Special-Purpose Entity


A financing technique in which a company decreases its risk by creating separate partnerships, rather than subsidiaries, for certain holdings and solicits outside investors to take on the risk. In order to qualify as a special-purpose entity, whose financial results are not carried on the company's books, the unit must meet strict accounting guidelines. Compare to subsidary.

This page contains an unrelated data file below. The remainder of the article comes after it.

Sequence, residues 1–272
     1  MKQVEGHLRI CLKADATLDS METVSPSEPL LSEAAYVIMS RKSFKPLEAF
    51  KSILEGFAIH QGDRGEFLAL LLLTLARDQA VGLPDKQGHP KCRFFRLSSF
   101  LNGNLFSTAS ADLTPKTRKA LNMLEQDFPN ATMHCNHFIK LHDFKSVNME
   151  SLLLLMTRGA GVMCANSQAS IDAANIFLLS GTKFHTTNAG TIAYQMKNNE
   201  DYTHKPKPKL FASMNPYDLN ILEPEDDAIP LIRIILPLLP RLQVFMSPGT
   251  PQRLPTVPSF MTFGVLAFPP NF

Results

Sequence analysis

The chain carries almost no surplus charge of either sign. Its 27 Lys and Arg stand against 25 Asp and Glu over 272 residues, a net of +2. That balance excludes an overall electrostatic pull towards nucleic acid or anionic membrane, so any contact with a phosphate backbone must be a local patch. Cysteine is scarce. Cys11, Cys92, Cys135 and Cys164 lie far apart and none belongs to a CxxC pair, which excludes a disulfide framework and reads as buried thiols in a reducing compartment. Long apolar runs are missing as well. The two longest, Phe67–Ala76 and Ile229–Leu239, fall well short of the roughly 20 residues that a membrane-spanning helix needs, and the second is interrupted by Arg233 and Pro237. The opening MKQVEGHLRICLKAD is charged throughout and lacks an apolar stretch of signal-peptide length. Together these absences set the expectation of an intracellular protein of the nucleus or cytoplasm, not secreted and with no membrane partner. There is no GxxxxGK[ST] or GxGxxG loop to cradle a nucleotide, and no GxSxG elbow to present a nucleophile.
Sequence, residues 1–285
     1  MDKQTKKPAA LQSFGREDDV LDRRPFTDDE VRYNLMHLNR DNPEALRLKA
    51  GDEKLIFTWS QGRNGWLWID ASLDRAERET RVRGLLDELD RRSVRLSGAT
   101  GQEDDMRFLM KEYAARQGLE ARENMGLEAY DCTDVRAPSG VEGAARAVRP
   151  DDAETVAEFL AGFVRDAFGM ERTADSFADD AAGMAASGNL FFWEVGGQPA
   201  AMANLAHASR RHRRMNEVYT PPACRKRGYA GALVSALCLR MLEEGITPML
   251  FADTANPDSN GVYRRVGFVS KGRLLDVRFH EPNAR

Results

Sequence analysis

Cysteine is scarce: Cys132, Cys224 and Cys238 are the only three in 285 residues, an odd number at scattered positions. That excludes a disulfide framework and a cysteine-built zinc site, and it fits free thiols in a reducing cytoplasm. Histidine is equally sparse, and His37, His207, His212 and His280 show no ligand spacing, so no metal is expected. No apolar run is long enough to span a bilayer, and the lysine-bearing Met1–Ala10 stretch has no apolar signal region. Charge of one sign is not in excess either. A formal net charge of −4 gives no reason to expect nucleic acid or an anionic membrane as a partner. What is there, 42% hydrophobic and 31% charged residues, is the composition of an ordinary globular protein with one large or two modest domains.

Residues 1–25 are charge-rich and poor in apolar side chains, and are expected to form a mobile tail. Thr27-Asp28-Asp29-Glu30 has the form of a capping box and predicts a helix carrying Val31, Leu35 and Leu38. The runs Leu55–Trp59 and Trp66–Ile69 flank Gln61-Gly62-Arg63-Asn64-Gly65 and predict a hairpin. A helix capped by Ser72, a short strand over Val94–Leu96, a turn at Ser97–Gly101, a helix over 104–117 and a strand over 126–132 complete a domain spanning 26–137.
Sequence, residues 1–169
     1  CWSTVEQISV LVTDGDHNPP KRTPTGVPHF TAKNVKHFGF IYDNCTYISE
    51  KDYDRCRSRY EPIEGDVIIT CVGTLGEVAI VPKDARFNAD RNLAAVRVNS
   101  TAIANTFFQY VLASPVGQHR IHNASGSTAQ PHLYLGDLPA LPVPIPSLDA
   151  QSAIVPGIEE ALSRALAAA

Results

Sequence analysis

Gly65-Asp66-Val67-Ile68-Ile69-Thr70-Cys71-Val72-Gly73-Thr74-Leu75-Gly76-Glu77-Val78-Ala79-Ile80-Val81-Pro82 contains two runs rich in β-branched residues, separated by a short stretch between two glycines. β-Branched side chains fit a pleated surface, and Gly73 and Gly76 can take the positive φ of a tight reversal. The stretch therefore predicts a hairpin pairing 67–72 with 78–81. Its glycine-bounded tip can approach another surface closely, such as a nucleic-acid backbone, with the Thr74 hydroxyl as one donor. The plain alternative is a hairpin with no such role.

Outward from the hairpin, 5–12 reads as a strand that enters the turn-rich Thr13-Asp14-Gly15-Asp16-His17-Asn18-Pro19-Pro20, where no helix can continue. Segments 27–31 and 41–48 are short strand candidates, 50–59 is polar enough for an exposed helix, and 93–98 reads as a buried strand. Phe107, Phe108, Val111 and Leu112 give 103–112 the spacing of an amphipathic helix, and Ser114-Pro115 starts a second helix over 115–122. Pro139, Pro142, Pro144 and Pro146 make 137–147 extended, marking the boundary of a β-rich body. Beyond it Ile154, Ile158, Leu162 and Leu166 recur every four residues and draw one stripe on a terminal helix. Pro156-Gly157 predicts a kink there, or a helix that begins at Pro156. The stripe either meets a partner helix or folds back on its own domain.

Investing Essentials

Copyright © 2011 Campbell R. Harvey, Professor of Finance, Fuqua School of Business at Duke University

Term of the Day

Cumulative voting

A system of voting for directors of a corporation in which shareholder's total number of votes is equal to the number of shares held times the number of candidates.

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